> Can I safely assume that all static variables are initialized as NULL
> or zero, depending on the types of the variables, no matter on which
> platform that app is compiled ?


If the platform has a conforming C compiler all static
*non-initialized* variables will be zero. Same for file scoped vars.


Terminology problem here, all file scope variables have static storage
duration regardless of the use of the overloaded static keyword.


True enough. In fact I just think of 'static' as always meaning reduced
scope and of static duration. Even though static on block scoped vars.
doesn't really reduce the scope of said var, it is a harmless lie for me.

--
- Mark ->
--
Nov 14 '05 #7

P: n/a
Mark A. Odell wrote:

Jack Klein <ja*******@spamcop.net> wrote in
news:0m********************************@4ax.com:
> Can I safely assume that all
> static variables are initialized as NULL
> or zero, depending on the types of the variables,
> no matter on which platform that app is compiled ?

If the platform has a conforming C compiler all static
*non-initialized* variables will be zero.
Same for file scoped vars.


Terminology problem here,
all file scope variables have static storage
duration regardless of the use of the overloaded static keyword.


True enough.
In fact I just think of 'static' as always meaning reduced
scope and of static duration. Even though static on block scoped vars.
doesn't really reduce the scope of said var,
it is a harmless lie for me.


I think of static locals,
as globals with reduced scope and internal linkage.
(global == external complete object)
The common points being static duration, and default initialization.

--
pete
Nov 14 '05 #8

P: n/a
On Mon, 29 Dec 2003 15:37:22 GMT
Le*********@td.com (Lew Pitcher) wrote:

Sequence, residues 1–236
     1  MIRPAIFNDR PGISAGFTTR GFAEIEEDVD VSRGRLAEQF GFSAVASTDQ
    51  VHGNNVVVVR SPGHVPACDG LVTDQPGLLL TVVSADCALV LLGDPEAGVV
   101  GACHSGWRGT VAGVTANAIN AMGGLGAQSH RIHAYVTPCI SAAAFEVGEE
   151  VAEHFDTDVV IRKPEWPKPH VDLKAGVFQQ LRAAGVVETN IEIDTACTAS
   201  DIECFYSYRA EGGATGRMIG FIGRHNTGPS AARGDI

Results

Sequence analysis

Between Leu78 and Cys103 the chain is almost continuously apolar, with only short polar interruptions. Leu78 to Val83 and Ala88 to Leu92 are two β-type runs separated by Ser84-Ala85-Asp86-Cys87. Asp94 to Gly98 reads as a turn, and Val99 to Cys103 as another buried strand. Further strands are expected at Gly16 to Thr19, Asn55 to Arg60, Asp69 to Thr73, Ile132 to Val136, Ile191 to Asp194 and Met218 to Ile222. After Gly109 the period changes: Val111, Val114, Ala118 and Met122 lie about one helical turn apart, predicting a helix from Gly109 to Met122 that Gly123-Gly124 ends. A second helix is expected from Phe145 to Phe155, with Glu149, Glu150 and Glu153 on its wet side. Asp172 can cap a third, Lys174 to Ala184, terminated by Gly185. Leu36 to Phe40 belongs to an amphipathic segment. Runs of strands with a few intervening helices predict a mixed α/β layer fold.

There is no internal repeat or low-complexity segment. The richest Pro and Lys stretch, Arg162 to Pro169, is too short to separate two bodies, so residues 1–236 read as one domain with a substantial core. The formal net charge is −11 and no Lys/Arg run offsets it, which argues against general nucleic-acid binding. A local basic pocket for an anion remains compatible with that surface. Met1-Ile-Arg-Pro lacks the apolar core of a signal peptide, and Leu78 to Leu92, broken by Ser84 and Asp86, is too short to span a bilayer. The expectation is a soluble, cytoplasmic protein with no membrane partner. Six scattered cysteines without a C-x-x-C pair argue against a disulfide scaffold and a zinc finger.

On 29 Dec 2003 06:54:03 -0800, dt*******@yahoo.com (vp) wrote:
Can I safely assume that all static variables are initialized as NULL
or zero, depending on the types of the variables, no matter on which
platform that app is compiled ?


IIRC, the final C99 standard didn't change from the draft, and the
draft says:

If an object that has static storage duration is not initialized
explicitly, then:
_ if it has pointer type, it is initialized to a null pointer;
_ if it has arithmetic type, it is initialized to (positive or
unsigned) zero;_ if it is an aggregate, every member is initialized
(recursively) according
to these rules;
_ if it is a union, the first named member is initialized
(recursively)
according to these rules.

If a compiler doesn't follow these rules, then it is in error. That's
not to say that all compilers follow the rules, though.


IIRC (and I could be wrong) *one* C compiler I used for embedded work
was broken in that it only initialised static variables that were
explicitly initialised in the source code. However, this was easily
fixed by modifying the bootstrap code (the source of which was provided)
to initialise all RAM to zero (null pointers being all bits 0 in this
case) before doing other initialisation. This was back in 1995, so I
don't know if non-conforming compilers are still around.
--
Flash Gordon
Paid to be a Geek & a Senior Software Developer
Although my email address says spam, it is real and I read it.
Nov 14 '05 #9

P: n/a
JV

"Flash Gordon" <sp**@flash-gordon.me.uk> wrote in message
news:20031230125718.5a79b5c4.sp**@flash-gordon.me.uk...
IIRC (and I could be wrong) *one* C compiler I used for embedded work
was broken in that it only initialised static variables that were
explicitly initialised in the source code. However, this was easily
fixed by modifying the bootstrap code (the source of which was provided)
to initialise all RAM to zero (null pointers being all bits 0 in this
case) before doing other initialisation. This was back in 1995, so I
don't know if non-conforming compilers are still around.
--
Flash Gordon
Paid to be a Geek & a Senior Software Developer
Although my email address says spam, it is real and I read it.


I've seen a similiar trouble in one compiler and I also work with embedded
systems.So it is not so common, but if can been pretty hard to figure out
when it happens, so I would still allways intialize the static variables if
it is required that they have a certain value when program starts.
-Jyrki
Nov 14 '05 #10